Many local people will undoubtedly be traveling abroad, where they risk contracting diseases from eating or drinking in foreign countries. If some precautions are taken, however, you can cut down the chances that you will be infected if you know how to eat while traveling abroad. Some travelers mistakenly believe that a bout of diarrhea is the most serious hazard they risk when eating or drinking abroad, but consequences can be far more serious.
The dangers range from a prolonged dysentery and flue-type illnesses to liver damage, brain damage and even death. The most easily contaminated foods are water, milk and dairy products, raw fruits and vegetables and, in some areas, raw shellfish. About 25 percent of the hospital beds in the world are filled with the victims of water-borne illnesses.
This includes water used for making ice and brushing teeth. Carbonation or the alcohol in alcoholic beverages will not lessen the impurities in water and ice. Ice cubes should be avoided. Tea or coffee, assuming the water used to make it has been boiled, is generally safe.
The best way to insure safe water is to boil it for three to five minutes. If it’s impossible to boil water, chemical treatments may be used. Purifiers release iodine to purify the water .
Salt water bathing is generally safe, except in areas where there is a nearby fresh water or sewage inflow. Bathing in streams, ditches, marshes or untreated pools should be absolutely avoided. And walking barefoot on beaches or riverbanks may expose an individual to hookworm.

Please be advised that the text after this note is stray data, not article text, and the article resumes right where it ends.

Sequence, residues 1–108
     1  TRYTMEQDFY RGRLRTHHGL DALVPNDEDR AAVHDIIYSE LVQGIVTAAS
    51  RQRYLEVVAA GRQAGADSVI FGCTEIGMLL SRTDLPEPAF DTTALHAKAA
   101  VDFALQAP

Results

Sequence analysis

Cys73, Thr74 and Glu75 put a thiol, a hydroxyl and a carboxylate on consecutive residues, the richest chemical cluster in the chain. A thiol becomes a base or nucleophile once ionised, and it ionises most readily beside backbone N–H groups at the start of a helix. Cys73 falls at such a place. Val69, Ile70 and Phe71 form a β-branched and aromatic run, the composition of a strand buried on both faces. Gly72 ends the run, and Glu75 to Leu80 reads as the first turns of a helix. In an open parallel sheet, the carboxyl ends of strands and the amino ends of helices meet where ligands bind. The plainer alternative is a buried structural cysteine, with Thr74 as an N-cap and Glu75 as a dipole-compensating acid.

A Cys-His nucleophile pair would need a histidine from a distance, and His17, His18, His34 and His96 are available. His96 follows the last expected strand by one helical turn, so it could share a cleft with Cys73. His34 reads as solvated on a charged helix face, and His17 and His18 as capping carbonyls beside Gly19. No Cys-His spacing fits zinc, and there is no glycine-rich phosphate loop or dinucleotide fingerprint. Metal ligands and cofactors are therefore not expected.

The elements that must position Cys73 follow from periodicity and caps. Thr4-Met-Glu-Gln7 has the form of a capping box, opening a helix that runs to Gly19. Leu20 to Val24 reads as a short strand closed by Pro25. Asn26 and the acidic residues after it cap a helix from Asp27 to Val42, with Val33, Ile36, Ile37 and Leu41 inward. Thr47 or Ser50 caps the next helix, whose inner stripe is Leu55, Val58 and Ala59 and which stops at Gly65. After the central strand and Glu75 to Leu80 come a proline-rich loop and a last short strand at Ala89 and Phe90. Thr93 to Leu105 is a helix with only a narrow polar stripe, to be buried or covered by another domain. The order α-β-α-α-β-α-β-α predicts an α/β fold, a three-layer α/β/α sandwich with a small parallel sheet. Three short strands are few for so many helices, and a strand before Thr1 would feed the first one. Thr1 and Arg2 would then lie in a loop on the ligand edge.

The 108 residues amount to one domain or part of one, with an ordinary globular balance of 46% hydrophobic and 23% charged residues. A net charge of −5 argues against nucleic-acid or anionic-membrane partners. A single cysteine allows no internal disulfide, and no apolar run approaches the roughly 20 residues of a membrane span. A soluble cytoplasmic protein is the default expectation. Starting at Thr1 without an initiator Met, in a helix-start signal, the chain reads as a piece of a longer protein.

Fresh milk and dairy products should be avoided. Ice cream and cottage cheese are as likely to be contaminated as fresh milk. Evaporated, canned, condensed and powdered milks are OK if reconstituted with purified water in a sterile container.
Fresh milk, like water, may be purified by boiling for three to five minutes. Fresh fruits and vegetables can also be made safe by the boiling treatment, but soaking in chemicals does not insure the safety of such foods. Fresh fruit with the skin intact can be washed, peeled and eaten safely.
Fresh meat, fish and eggs are safe when cooked and eaten hot, as are bakery products served hot and soups. Canned or tinned foods are safe unless the cans are swollen or rusty, in which cases they should be discarded.
It is not wise to take preventive medicines for food or water-borne illnesses since the medications themselves can cause symptoms that obscure the diagnosis.
Travelers can reduce the chance of disease while traveling to a minimum by following a few simple rules. Obtain proper immunizations or preventive medicines before leaving. Before visiting some countries, it is required that some immunizations be obtained and certified on a health card in order to re-enter the United States without facing quarantine.
The best advice when it comes to eating when you travel abroad is to use discretion in food and drink. Protect yourself against harmful insect and animal bites. Maintain proper rest and seek prompt care should illness occur.